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Planning for potentially becoming incapacitated

| Apr 9, 2020 | Estate Planning |

Many people view estate plans as something that makes life a little less complicated for their loved ones after they die. Rather than leave the matter up to the state or family feuds, they can decide who gets what and how much. 

However, the truth is that estate plans have many other purposes worth considering. Forbes reminds people that estate plans also help them plan for their own personal needs, such as what happens to their assets if they are unable to make decisions for themselves. 

Health care 

Even healthy people can suffer from injuries in sports, motor crashes or a bad fall that leaves them incapacitated. In these instances, someone else may need to make key decisions about health care. Designating a health care proxy simplifies this process. 

Finances 

While incapacitated, people also need someone to make financial decisions on their behalf. Is there a certain amount of money that usually gets set aside for savings? Does someone need to balance the investment portfolio? A power of attorney gives someone the right to make legal and financial decisions on someone else’s behalf.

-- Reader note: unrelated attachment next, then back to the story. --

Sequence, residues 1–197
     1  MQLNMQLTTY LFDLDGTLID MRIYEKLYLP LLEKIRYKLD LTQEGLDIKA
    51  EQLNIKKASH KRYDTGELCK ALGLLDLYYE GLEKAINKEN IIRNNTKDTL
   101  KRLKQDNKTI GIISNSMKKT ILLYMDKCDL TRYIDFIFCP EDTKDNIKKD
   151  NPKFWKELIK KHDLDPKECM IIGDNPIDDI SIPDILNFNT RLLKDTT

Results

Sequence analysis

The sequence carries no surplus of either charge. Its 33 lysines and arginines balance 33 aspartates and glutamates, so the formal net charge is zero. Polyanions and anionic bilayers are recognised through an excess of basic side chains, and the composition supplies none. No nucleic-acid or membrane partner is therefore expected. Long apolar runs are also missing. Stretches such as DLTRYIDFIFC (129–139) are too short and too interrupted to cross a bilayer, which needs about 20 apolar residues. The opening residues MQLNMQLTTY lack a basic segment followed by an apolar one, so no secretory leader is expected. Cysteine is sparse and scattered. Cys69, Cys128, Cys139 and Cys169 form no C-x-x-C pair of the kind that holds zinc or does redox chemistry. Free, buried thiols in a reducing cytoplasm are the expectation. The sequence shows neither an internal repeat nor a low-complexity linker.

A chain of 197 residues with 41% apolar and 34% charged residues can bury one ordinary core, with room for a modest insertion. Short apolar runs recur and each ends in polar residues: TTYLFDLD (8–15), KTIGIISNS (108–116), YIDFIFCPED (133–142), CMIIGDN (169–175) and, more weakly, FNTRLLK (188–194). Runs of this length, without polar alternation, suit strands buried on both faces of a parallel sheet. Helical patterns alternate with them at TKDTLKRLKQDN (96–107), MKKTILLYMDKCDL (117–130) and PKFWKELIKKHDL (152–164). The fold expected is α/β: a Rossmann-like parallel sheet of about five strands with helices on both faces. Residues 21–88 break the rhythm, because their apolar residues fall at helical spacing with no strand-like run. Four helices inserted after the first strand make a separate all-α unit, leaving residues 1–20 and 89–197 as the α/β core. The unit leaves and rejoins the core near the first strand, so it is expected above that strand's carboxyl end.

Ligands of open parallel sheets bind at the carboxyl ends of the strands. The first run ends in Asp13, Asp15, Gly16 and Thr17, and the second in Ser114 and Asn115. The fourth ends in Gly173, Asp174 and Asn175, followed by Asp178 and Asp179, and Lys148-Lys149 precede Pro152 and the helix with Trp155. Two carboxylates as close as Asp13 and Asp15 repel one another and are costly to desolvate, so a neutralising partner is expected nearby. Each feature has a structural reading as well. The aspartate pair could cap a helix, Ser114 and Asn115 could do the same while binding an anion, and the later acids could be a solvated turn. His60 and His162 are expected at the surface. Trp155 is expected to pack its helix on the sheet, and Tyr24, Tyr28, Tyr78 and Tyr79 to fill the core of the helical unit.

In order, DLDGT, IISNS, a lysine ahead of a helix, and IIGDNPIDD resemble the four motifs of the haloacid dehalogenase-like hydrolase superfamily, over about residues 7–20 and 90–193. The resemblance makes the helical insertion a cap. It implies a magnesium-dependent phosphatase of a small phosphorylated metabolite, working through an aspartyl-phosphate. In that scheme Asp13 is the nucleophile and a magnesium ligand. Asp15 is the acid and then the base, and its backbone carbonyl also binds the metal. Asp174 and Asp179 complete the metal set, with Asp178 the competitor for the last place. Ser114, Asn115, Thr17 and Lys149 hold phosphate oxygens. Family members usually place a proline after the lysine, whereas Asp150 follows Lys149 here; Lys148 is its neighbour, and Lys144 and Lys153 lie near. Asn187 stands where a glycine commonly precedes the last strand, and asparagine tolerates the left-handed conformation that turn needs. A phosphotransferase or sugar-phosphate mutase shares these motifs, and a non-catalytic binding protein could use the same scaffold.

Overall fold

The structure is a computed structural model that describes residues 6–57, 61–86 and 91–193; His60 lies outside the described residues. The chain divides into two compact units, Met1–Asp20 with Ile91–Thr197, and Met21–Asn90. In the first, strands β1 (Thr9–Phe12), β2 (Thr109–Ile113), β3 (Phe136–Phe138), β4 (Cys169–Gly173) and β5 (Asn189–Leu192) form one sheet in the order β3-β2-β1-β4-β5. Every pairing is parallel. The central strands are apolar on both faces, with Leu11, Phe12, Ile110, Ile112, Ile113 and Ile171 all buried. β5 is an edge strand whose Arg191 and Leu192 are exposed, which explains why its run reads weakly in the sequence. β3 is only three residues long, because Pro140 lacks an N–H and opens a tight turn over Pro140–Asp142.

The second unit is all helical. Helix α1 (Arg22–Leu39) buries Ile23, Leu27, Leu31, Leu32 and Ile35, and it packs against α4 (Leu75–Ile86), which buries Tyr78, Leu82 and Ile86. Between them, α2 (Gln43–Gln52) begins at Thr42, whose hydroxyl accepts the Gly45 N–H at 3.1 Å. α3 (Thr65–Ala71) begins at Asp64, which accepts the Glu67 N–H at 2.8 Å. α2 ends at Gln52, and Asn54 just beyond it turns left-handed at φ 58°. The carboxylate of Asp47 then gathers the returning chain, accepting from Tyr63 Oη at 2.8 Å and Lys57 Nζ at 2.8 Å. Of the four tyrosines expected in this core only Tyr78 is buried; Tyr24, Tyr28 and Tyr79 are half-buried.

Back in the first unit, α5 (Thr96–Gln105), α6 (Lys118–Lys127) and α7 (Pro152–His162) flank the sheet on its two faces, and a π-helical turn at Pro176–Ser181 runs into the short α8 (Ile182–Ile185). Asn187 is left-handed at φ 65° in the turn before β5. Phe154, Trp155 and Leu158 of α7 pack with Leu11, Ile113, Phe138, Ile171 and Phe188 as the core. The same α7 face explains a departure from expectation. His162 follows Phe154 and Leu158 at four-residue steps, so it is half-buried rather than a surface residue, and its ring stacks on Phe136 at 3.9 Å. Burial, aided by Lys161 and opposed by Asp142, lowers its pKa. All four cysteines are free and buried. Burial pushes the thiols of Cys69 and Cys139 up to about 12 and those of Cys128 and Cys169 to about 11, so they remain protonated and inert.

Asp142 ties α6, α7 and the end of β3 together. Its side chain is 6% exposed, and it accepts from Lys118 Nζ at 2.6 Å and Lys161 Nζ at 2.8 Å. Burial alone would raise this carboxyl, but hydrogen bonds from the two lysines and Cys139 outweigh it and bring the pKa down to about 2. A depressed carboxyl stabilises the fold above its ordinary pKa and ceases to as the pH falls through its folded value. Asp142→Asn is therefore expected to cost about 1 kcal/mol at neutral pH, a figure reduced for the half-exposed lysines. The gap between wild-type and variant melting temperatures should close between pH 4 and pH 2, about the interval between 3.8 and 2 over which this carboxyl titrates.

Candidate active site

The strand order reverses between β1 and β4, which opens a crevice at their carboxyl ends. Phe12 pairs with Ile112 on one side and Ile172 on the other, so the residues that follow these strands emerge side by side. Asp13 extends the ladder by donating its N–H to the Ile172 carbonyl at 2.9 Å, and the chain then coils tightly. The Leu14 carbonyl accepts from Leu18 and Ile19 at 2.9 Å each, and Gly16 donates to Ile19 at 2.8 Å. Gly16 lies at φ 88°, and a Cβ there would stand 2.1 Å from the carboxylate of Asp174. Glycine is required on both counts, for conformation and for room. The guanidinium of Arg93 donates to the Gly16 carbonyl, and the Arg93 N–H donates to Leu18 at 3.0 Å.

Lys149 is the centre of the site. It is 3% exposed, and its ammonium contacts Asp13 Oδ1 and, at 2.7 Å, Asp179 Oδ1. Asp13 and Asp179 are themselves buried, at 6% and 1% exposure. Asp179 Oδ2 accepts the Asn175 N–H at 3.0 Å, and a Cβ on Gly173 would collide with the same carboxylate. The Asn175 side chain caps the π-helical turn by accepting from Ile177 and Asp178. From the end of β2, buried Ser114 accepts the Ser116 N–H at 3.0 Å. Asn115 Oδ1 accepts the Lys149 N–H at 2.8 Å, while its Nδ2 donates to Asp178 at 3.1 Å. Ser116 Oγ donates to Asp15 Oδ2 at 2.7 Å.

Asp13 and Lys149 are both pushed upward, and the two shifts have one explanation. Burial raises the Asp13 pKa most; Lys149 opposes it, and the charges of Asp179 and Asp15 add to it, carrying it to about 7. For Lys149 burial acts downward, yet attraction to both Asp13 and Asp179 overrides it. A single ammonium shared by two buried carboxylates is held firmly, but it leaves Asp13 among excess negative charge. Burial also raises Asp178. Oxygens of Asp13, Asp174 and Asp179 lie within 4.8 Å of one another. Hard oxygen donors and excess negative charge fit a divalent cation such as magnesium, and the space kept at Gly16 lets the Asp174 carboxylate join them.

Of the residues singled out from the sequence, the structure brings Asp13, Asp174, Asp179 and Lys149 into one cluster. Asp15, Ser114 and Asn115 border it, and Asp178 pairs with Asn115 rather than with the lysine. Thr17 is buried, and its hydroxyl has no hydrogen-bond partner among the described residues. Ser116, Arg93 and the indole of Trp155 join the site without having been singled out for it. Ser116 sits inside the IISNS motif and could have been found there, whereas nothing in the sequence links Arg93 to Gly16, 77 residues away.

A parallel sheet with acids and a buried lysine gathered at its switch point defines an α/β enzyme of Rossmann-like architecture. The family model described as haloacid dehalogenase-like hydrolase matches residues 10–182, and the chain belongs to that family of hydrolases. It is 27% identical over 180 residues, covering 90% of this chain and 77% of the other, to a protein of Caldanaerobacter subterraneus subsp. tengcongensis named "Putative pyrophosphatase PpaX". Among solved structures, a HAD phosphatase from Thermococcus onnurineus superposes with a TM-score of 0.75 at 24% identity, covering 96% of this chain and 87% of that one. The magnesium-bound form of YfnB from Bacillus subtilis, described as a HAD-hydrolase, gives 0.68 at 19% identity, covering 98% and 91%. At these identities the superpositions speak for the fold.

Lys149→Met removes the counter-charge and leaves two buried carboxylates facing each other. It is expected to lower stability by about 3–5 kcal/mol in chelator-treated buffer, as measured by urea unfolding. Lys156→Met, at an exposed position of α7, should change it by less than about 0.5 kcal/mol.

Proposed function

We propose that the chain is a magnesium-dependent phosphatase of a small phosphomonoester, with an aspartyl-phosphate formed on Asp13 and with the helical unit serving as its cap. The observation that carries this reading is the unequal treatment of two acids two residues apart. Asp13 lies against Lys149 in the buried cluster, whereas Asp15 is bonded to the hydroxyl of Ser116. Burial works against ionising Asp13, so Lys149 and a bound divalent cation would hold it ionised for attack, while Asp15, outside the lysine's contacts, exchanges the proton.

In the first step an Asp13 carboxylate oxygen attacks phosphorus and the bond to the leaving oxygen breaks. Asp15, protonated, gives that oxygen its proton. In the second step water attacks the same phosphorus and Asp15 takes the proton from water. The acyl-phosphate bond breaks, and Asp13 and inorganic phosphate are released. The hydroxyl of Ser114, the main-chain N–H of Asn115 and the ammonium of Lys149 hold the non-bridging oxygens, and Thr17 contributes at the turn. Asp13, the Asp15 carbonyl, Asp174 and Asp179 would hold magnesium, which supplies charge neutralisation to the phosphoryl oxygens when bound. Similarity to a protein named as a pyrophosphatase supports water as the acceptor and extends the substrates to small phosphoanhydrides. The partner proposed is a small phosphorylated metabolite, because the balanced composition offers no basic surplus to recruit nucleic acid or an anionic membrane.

Business 

Fidelity points out that business succession is another aspect that estate plans can take care of. While it specifically points to business succession after a person passes away, incapacitation is another reason someone else may need to step in. The person tasked with handling personal finances may not necessarily have the time, will or qualifications to handle the job requirements so choosing someone for this specific role is important, when applicable. 

Many of the same concerns someone may have when they pass away arise when they become incapacitated, even temporarily. In fact, there are sometimes even more concerns as the person in charge might need to keep up with accounts instead of canceling them.